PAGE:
3 things in life that you should never lose
Posted in 365: Barbara Thurston
6.26.15 3 things in life that you should never lose:
*Hope-Biblical hope has as its foundation faith in God. The word hope in English often conveys doubt. For instance, “I hope it will not rain tomorrow.” In addition, the word hope is often followed by the word so. This is the answer that some may give when asked if they think that they will go to heaven when they die. They say, “I hope so.” However, that is not the meaning of the words usually translated “hope” in the Bible.
In the Old Testament the Hebrew word batah and its cognates has the meaning of confidence, security, and being without care; therefore, the concept of doubt is not part of this word. We find that meaning in Job 6:20; Psalm 16:9; Psalm 22:9; and Ecclesiastes 9:4. In most instances in the New Testament, the word hope is the Greek elpis/elpizo. Again, there is no doubt attached to this word. Therefore, biblical hope is a confident expectation or assurance based upon a sure foundation for which we wait with joy and full confidence. In other words, “There is no doubt about it!”
Biblical hope is a reality and not a feeling. Biblical hope carries no doubt. Biblical hope is a sure foundation upon which we base our lives, believing that God always keeps His promises. Hope or confident assurance can be ours when we trust the words, “He who believes on Me has everlasting life” (John 6:47, NKJV). Accepting that gift of eternal life means our hope is no longer filled with doubt but, rather, has at its sure foundation the whole of God’s Word, the entirety of God’s character, and the finished work of our Lord and Savior Jesus Christ.
*Peace-Peace is something everyone wants, yet few seem to find. What is peace? It can be defined as “tranquility, harmony, or security.” Depending on the situation, it could mean “prosperity” or “well-being.” Various forms of the word peace are found 429 times in the King James Version of the Bible. There are different types of peace, including false peace, inner peace, peace with God and peace with man.
In the Old Testament, the primary Hebrew word for “peace” is shalom, and it refers to relationships between people (Genesis 34:21), nations (1 Kings 5:12), and God with men (Psalm 85:8). Peace is a desired status in each of these arenas, and shalom is often tied to a covenant or a promise kept. A familiar friend (literally, “friend of my peace” in Psalm 41:9) is one with whom you would be at ease, a trusted companion. “Peace” was the standard greeting (1 Samuel 25:6), still used in many cultures today.
Peace is directly related to the actions and attitudes of individuals; but it is ultimately a gift from God (Isaiah 45:7; Leviticus 26:6; John 14:27). The presence of peace indicates God's blessing on man's obedience (Isaiah 32:17; Malachi 2:5) and faith (Isaiah 26:3). There is no peace for the wicked (Isaiah 48:22).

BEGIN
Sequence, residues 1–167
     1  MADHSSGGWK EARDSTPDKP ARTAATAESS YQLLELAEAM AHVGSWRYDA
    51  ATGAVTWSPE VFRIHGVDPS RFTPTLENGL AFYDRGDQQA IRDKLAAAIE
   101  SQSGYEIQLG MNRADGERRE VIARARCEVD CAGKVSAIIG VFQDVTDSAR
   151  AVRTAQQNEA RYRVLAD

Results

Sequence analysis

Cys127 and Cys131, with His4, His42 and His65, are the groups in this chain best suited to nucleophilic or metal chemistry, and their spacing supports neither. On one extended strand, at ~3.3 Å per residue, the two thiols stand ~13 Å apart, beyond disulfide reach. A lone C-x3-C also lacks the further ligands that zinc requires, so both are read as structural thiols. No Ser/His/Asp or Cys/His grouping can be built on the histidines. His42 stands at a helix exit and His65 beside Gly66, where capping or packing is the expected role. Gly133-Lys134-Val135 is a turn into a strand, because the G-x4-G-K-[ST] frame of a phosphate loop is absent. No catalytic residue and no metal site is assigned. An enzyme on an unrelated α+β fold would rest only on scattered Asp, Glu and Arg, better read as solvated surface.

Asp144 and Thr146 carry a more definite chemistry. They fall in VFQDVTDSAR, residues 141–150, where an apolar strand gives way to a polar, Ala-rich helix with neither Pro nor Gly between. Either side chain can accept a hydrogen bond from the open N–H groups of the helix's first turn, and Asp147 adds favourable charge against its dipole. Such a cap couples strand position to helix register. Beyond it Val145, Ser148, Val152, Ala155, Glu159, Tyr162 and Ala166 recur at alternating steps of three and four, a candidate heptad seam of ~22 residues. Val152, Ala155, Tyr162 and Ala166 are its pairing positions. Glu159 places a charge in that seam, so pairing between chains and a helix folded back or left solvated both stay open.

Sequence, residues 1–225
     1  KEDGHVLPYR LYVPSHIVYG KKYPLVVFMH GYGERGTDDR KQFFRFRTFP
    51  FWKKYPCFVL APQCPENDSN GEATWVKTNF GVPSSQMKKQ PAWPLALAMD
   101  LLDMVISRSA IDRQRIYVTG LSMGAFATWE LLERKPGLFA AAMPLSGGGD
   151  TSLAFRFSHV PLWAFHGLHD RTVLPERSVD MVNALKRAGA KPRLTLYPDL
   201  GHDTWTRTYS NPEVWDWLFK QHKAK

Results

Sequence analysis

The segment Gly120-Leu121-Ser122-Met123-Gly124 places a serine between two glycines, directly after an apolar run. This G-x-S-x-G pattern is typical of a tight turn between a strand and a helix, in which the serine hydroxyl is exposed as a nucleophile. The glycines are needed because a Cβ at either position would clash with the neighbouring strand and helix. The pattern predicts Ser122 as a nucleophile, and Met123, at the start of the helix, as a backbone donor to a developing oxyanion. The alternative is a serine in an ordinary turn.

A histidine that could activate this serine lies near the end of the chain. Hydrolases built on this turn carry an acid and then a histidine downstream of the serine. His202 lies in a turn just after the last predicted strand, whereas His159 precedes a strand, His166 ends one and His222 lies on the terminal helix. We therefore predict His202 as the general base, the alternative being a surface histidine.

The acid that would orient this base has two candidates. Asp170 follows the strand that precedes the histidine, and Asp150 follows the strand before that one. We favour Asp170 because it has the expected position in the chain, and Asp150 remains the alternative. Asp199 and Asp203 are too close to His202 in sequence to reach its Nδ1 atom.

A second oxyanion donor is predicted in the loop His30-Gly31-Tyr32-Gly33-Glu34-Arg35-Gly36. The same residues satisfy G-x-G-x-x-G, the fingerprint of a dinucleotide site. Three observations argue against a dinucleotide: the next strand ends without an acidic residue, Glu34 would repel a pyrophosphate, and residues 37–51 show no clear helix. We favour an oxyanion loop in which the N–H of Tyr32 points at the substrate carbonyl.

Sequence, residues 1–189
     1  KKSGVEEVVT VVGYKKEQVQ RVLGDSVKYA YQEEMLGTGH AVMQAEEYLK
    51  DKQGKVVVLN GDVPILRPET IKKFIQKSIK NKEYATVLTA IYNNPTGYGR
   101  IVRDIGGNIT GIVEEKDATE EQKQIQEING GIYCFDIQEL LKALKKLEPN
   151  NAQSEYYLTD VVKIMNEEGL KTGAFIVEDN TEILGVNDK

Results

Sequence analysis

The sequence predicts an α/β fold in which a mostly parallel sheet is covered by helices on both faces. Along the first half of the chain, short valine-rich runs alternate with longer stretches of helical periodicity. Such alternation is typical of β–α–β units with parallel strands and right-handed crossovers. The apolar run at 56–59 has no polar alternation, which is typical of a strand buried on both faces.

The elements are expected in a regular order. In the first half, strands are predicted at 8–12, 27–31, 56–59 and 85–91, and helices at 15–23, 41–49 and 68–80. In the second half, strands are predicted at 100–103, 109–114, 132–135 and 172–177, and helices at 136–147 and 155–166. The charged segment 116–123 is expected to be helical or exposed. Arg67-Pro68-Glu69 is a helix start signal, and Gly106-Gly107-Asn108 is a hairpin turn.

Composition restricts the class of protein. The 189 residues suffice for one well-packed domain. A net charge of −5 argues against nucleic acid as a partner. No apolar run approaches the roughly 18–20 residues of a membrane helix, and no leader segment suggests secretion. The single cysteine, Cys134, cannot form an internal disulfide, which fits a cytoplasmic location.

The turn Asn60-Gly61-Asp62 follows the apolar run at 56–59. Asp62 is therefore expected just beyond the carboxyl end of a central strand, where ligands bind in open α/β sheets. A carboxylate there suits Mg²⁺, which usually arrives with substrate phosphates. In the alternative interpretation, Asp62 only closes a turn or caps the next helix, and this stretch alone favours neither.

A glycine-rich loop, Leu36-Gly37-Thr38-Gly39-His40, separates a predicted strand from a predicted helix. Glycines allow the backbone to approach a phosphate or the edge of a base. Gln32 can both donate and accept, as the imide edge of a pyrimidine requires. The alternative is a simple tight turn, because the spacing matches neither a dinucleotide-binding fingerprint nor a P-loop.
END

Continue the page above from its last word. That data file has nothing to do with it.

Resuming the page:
As valuable as peace is, it is not surprising to find that it is sometimes counterfeited. Empty promises of peace can be used to manipulate others. Deceitful men speak words of peace while secretly planning evil (Obadiah 1:7). The Antichrist will confirm a treaty, producing a temporary peace which he will then abruptly shatter as he reveals his true colors (Daniel 9:27). False teachers proclaim peace when God is actually proclaiming judgment (Ezekiel 13:10-16). In Jeremiah’s day, the religious leaders dealt only with the symptoms of the national problems, without addressing the sinful root of the crisis. These false prophets declared everything was well between God and Israel: “Peace, peace,” they said, when there was no real peace (Jeremiah 6:14).
*Honesty-Honesty is truthfulness. An honest person has the habit of making accurate, trustworthy statements about life, self, others and God. An honest person represents himself just as he is and tells others the truth about themselves. Honesty is not “expressing everything that goes through your mind.” That’s transparency, and a person can be honest without being transparent. However, no one can be consistently honest without a commitment to the truth. Honesty will, at times, hurt someone’s feelings, but that does not mean that dishonesty is preferable.
In the New Testament, the primary Greek word for “peace” is eirene, and it refers to rest and tranquility. A key focus of peace in the New Testament is the advent of Jesus Christ, as announced by the angels in Luke 2:14 (“Peace on earth . . .”). Isaiah had predicted the Messiah would be the Prince of Peace (Isaiah 9:6), and He is called the Lord of peace in 2 Thessalonians 3:16. It is through Christ’s work of justification that we can have peace with God (Romans 5:1), and that peace will keep our hearts and minds secure (Philippians 4:7).
Honesty as a character quality is a sign of the Spirit’s work in a person’s soul. God cannot lie (Hebrews 6:18); therefore, His presence in a person gives rise to truthfulness. God’s people are honest.
Honesty should always be accompanied by gentleness. An honest person is motivated by love, not by an obsession with relaying accurate information (Proverbs 19:22). Above all, the honest person is concerned with telling the truth about God and fostering the spiritual growth of other people (Ephesians 4:29). Those who follow Jesus, the Truth (John 14:6), will speak the truth in love (Ephesians 4:15).
Are you glad that you can have hope, peace and honesty with God?
God I want to think you for giving us the ability to have hope, peace and honesty through You. I don't have to say I hope I'm going to Heaven when I die, I can say I know I'm going to Heaven to be with you. You give me peace in time of need. Now please be with my facebook family and friends as they go through their day, know that I love you and I ask these things in Jesus Name Amen,